How Can Florida Employers Defend Themselves Against Retaliation Claims?
Retaliation tends to be the most commonly filed charge with the Equal Employment Opportunity Commission (EEOC), accounting for nearly 52% of charges filed.
For many reasons, retaliation claims are also some of the most complicated for Florida employers to defend and prevent. Luckily, if you own a business in West Palm Beach or elsewhere in Florida, there are specific steps you can take to protect yourself from a retaliation lawsuit or prevent one from being filed.
How to Prove and Disprove Unlawful Retaliation in Florida?
In order to successfully defend yourself against a bad faith retaliation claim in Florida, you must understand what employees must prove to establish unlawful retaliation. Under Florida’s employment law, to establish retaliation in the workplace, Florida employees must prove that:
- They engaged in a protected activity;
- Their employer took an adverse action against them; and
- There was a causal connection between the employee’s protected activity and the employer’s adverse employment action.
Typically, the second element is the easiest to prove, which also makes it the easiest to defend for the employer who allegedly took retaliatory action against the claimant. This element requires proving or disproving that the employee experienced an adverse change in the terms or conditions of their employment (wrongful termination, demotion, loss of pay or benefits, etc.).
Whether the employee participates in any protected activity, on the other hand, and whether this activity can be linked to a subsequent adverse action taken by the employer require a thorough investigation and analysis.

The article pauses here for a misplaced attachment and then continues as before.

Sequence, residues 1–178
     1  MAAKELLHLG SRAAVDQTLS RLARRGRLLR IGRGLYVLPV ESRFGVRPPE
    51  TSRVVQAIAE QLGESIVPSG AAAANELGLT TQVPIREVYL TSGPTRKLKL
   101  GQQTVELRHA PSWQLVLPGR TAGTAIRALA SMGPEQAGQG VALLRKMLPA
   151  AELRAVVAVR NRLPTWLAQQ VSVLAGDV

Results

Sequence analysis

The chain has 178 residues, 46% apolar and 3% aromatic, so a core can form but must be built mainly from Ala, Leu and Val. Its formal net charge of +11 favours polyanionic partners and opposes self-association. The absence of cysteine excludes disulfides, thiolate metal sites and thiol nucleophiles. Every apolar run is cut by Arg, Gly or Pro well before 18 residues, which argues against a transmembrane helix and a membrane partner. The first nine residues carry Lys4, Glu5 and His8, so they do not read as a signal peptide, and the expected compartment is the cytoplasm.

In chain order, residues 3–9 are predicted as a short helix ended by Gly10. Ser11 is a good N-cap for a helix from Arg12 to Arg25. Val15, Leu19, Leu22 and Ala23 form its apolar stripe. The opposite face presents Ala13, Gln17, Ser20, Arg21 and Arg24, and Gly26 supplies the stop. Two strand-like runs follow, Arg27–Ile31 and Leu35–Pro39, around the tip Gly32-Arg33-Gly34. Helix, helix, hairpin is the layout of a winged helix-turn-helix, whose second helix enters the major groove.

Did the Employee Actually Engage in Protected Activity?
Some activities that employees can participate in are protected by EEOC statutes. Similarly, employees are protected by federal law when they oppose an unlawful practice prohibited by the EEOC statute.
To have a valid retaliation claim, an employee must engage in any of the following protected activities:
- Making a complaint of misconduct
- Complaining about discrimination or harassment
- Using federal or state family leave
- Filing a safety complaint
- Complaining about wage and hour issues
- Testifying in or in any other way assisting an internal or external investigation
- Opposing discrimination, harassment or another unlawful activity or practice in the workplace (as long as the employee has a reasonable belief that something is illegal)
The Employer’s Compliance with Policies and Procedures
Another critical step in preventing retaliation lawsuits is to respond to claims in accordance with your company’s policies and procedures. It is vital that your company not only has these policies that outline how to handle employee complaints but also that management and supervisors comply with those procedures.
In addition to responding to claims in a timely manner and conducting a thorough investigation, employers are also advised to preserve all evidence that has any value to the employee’s complaint and/or employment.
An anti-retaliation policy must also be in place. That policy must not only strictly prohibit any retaliatory actions against employees who engage in protected activity but must also be followed by management and supervisors.
What Are the Defenses to Employee’s Unlawful Retaliation Claims?
A retaliation claim filed by one of your employees should be handled with the help of a knowledgeable West Palm Beach employment law attorney. The suitable defense strategy depends on the allegations in the employee’s claim. Typically, employers in Florida defend themselves against retaliation claim by demonstrating that the employee:
- Had poor job performance
- Violated company rules
- Was insubordinate
- Engaged in unethical or unlawful conduct with fellow co-workers
- Was not qualified as another applicant for promotions or pay raise
Technically, a company can defend itself against an employee’s retaliation claim by proving that the claimant was treated in the same manner as employees who did not file any complaints. Contact Pike & Lustig, LLP, to discuss your case. Call at 561-291-8298.